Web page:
The African gray parrot is a medium-sized bird living in central Africa. These birds have a gray back and wings with a white face, black beak, and red tail. Their belly and parts of their feet are white. The whole tail is not red though, just the underside. African gray parrots are highly intelligent for birds, making them one of the most popular pet birds. it is even said that King Henry VIII had a pet African gray parrot! Male and females look almost exactly the same on the outside. Previously there were thought to be three subspecies of African gray parrots, but two of the subspecies were given their own species. The one remaining group became the only subspecies of African gray parrot, and is therefore no longer considered a subspecies but a species. The timneh parrot, which used to be an African gray parrot subspecies, looks a lot like the bird above, except their tails are a dull red instead of the bright red of the African gray parrot.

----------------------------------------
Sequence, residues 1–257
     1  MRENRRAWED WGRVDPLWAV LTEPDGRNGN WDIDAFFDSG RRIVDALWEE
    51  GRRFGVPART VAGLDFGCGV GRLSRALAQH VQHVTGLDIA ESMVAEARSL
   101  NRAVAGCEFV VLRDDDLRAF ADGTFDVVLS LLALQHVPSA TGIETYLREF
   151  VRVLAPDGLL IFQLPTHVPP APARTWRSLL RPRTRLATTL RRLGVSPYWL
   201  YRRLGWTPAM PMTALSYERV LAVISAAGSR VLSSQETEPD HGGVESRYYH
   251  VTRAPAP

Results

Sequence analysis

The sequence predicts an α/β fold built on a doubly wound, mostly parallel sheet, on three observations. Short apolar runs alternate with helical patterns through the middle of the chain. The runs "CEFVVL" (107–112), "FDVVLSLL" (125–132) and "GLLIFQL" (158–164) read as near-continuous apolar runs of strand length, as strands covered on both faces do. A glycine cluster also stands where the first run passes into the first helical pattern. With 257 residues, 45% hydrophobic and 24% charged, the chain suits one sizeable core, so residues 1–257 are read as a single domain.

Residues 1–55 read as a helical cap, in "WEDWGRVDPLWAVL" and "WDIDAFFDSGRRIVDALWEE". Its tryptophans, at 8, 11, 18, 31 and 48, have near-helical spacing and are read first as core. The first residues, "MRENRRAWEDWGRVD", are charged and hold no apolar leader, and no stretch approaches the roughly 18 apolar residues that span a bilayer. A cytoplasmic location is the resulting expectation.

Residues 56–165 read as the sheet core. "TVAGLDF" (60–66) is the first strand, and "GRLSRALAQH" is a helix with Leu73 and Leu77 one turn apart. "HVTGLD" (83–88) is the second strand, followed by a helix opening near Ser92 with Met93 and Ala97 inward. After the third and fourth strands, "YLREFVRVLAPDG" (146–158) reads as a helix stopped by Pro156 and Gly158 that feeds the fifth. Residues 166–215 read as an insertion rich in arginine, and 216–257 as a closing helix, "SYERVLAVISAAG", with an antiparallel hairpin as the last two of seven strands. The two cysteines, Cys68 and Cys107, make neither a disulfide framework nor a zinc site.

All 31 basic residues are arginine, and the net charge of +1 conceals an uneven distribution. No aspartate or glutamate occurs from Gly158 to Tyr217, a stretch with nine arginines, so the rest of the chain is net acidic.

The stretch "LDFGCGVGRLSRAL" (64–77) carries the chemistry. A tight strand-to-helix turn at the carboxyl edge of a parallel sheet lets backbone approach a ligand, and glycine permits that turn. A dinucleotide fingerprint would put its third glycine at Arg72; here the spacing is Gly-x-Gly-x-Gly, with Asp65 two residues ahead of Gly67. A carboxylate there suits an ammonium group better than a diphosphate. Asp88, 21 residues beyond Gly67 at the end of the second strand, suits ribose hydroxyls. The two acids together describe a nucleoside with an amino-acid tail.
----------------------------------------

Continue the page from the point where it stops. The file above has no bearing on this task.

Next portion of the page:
These birds can grow up to 16 inches (41 cm) from beak to tail, making them the largest parrots in Africa. Their average size is closer to 13 inches (33 cm). Their wingspan is from 18 to 21 inches (46-52 cm). The timneh parrot is slightly smaller than the African gray parrot. Although they are so big, they weigh hardly anything at just 0.9 to 1.1 pounds (400-490 g). Most individuals are in the lower parrot this range.
African gray parrots are mainly herbivores, eating seeds, nuts, and fruits. Their favorite foods are the outer layer of an oil palm nut and the red berries of certain Kola trees. They also like corn and other grains and can do a lot of damage to corn crops in Western Africa. Occasionally, they have been seen feasting on snails. When eating on tree, instead of flying from branch to branch, they just climb on the tree. This might help them not miss and delicious morsels. Sometimes these birds have been seen eating mud, This is thought to help counteract the ingesting of toxins from increased pesticide use.